Conditions were certainly better for all children at the Blind Institute than they had been before the arrival of Stan Hedger. And it was not altogether mercenary thinking that led him to establish the nursery - he had a firm belief that the sooner a child was educated, the more independent they could become.


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Hedger's ability to get publicity for the Institute can be judged by the huge number of newspaper articles that he managed to generate in its favour. A trip by students to the P&O liner Narkunda on 10 April 1934 was mentioned in the Herald on the day it was to happen. The next day all the Melbourne papers - the Argus, Age, Herald and Star - had photos of the children on board with the ship's Captain, Fred Sudell.18


A month later, the Leader carried almost a full page titled 'A Melbourne Letter' that detailed the reception given by children from the Institute to the St Kilda Road cavalcade of the new Governor and his wife, Lord and Lady Huntingfield.


On two lorries drawn up beside the road sat between 40 and 50 little blind children, waving their flags, their heads turning quickly from side to side as their keen ears followed the direction of the sound. The blind orchestra mounted on another lorry, played cheerful music … and the officials of the Blind Institute waited with the children. Tiny Dorothy Nuske, fair-haired and shy, waited with her hand in Mrs Frost's, for as president of the Institute Auxiliaries, Mrs Frost was to lead Dorothy to the car to present a basket of flowers …19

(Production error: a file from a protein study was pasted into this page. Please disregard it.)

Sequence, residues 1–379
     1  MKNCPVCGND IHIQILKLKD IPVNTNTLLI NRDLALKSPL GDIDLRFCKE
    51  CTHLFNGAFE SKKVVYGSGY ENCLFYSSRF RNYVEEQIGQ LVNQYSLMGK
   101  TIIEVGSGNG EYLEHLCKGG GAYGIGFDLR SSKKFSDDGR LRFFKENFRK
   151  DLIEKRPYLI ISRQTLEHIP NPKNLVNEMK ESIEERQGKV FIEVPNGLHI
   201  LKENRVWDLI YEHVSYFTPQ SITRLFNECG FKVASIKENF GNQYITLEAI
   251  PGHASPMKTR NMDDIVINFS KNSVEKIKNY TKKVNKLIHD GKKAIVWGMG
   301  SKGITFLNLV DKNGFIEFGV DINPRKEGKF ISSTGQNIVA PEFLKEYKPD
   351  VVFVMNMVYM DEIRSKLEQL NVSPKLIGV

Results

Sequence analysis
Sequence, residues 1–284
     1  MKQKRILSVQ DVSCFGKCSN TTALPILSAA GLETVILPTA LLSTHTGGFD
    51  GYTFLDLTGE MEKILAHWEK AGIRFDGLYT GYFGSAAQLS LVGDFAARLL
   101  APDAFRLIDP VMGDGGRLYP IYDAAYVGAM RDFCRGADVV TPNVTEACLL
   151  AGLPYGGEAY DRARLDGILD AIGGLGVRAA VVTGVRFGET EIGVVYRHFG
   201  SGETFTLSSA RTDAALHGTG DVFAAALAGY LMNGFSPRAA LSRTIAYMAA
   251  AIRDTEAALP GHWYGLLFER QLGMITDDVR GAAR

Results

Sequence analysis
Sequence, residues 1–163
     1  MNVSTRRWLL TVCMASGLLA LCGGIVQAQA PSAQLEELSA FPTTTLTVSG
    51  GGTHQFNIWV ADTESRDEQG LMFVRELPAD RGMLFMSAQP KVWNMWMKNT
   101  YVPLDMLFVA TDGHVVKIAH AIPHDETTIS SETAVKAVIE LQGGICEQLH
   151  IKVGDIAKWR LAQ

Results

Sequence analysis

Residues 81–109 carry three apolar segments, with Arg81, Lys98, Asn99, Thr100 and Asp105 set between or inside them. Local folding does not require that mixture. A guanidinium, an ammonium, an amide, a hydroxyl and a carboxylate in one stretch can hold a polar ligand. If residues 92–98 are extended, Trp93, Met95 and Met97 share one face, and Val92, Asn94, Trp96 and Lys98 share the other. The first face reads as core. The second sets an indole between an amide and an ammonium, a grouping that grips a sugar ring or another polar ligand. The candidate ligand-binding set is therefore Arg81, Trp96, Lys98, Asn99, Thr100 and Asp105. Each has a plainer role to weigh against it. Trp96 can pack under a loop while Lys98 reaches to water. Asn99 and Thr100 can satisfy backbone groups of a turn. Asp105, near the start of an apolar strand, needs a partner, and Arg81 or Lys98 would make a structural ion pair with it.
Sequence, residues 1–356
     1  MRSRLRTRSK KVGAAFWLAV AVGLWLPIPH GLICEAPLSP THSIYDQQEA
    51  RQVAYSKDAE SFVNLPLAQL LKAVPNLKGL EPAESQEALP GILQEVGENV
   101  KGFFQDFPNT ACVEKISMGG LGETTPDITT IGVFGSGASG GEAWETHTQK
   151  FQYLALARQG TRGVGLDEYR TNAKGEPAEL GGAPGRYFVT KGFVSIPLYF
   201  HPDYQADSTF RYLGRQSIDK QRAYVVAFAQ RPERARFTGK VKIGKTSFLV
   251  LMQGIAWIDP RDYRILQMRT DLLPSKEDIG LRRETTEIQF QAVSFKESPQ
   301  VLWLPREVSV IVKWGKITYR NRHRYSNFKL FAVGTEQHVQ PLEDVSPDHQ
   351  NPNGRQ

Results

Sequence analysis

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The rest of the letter described the vice-regal car and its mounted escort, the presentation to Lady Huntingfield, the continuation of the parade down St Kilda Road as well as the conversation had by the Huntingfield children in the car.


Every new piece of equipment and innovation, fund-raising occasion or celebration relating to people who were blind or vision impaired made the papers. A huge photo appeared in the Argus on 6 April 1934, showing a press